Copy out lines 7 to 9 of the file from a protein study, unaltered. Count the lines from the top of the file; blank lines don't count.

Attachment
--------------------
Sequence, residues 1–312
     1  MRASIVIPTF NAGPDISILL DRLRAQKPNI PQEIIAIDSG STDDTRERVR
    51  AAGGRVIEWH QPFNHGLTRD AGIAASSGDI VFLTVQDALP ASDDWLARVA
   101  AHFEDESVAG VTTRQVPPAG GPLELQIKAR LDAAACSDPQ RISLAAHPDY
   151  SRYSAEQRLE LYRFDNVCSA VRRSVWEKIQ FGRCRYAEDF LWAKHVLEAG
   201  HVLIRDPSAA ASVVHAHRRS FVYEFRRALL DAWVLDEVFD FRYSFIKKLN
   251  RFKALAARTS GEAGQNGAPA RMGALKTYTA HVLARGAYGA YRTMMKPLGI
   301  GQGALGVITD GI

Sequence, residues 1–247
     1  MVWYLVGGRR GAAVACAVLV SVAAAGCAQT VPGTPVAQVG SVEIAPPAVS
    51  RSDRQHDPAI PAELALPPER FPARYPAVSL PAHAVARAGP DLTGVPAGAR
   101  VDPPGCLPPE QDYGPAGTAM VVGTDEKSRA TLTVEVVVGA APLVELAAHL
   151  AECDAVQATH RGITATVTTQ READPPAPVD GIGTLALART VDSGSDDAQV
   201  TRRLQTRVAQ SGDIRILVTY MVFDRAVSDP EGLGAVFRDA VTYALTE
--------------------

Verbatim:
   251  RFKALAARTS GEAGQNGAPA RMGALKTYTA HVLARGAYGA YRTMMKPLGI
   301  GQGALGVITD GI

Sequence, residues 1–247